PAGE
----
A balanced diet for cats will resemble their natural food: a whole mouse/rodent or bird. This means you need to feed a base of muscle meat and plenty of heart, 10% bone (or calcium equivalent), 5% liver. We also like to offer  elements of whole prey such as feathers, fur or alternatives to these such as pureed pumpkin, psyllium or soaked oat bran. Organs such as brains, eyes, lungs, glands, etc. are parts that may be difficult to source if you are not buying whole prey but remember, cats are meant to eat all of these things so we need to “flesh” out the diet to include nutrients that would be found in these parts of the prey animal. You can keep working on the diet to make it more balanced or modify which raw foods your cat eats until you are eventually feeding whole prey for all or part of the diet. Cats will also eat insects, nibble on nutritive grasses and herbs, and even ingest small amounts of clays or soils. Although these foods make up a small percentage of the diet, it is something we do not overlook when looking at feline nutrition. If your indoor cat does not have free access to these things, you may want to get creative on how to provide these things for your indoor cat. Live insects (mealworms, butterworms, crickets, etc.) can be purchased from reptile food supply companies and you can grow kitty grass and herbs for your cat in a sunny window.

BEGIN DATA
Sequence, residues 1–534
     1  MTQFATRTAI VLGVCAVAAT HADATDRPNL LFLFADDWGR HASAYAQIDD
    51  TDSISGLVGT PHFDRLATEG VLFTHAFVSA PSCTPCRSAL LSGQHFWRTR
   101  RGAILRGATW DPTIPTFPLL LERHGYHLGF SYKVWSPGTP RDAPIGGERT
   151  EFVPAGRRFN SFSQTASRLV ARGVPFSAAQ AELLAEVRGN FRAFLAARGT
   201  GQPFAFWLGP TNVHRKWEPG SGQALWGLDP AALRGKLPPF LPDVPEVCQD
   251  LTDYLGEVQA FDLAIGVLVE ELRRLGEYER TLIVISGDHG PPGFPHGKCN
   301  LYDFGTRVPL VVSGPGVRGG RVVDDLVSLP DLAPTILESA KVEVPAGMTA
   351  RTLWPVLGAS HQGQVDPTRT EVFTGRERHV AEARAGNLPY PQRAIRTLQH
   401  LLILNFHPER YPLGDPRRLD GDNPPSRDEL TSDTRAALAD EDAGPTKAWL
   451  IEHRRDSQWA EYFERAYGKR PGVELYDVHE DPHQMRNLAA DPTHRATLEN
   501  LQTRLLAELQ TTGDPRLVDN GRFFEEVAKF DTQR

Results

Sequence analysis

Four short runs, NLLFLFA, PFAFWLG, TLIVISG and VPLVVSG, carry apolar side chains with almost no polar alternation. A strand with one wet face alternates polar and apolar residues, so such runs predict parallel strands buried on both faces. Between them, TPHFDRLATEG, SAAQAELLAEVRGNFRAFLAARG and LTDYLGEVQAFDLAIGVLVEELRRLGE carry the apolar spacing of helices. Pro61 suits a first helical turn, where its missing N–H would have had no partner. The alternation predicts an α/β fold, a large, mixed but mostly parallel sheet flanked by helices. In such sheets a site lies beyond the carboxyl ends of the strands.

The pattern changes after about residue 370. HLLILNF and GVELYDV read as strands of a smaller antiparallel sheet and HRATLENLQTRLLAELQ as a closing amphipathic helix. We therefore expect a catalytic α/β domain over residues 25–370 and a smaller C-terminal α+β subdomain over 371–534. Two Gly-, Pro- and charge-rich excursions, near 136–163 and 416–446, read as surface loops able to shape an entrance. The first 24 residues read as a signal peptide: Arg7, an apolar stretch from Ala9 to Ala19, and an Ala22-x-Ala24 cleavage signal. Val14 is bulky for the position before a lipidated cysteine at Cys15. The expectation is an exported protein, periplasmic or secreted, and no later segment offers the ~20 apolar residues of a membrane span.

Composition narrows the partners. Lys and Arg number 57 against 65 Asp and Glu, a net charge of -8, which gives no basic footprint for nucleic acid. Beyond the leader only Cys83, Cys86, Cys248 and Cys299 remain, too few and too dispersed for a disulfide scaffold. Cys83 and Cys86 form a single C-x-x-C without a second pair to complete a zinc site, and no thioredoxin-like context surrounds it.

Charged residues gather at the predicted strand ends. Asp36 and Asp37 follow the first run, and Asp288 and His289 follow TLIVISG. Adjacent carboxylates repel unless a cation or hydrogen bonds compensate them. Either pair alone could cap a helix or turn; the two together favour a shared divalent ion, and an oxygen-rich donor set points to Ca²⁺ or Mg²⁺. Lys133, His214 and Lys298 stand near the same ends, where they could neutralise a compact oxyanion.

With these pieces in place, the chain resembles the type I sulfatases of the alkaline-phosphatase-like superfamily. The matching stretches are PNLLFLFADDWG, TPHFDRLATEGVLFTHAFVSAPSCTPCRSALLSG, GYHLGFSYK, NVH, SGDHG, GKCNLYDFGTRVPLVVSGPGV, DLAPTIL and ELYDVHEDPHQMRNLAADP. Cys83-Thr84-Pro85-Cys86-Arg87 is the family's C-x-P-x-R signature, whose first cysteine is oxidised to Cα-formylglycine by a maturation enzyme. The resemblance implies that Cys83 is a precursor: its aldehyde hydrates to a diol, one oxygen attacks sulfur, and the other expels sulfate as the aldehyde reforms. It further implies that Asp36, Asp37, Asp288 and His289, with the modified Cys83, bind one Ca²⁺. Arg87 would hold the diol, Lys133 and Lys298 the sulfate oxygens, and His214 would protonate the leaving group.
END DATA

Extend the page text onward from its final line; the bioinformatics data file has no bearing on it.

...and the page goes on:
Once you have your cat eating 100% raw turkey meals, you should start to add a bit of bone meal or eggshell powder to the ground meat.  This is because adequate calcium is so critical in the diet. You will need to add a ½ teaspoon of eggshell powder or 1 teaspoon of NOW brand bone meal powder per pound (16 oz.) of turkey meat.

Alternatively, you can quickly move to a ground bone-in, organ and meat product such as Hare-Today’s ground meat products. These are closer to a balanced diet than the plain ground raw turkey. You can switch to this product from the raw turkey over the course of a week or so.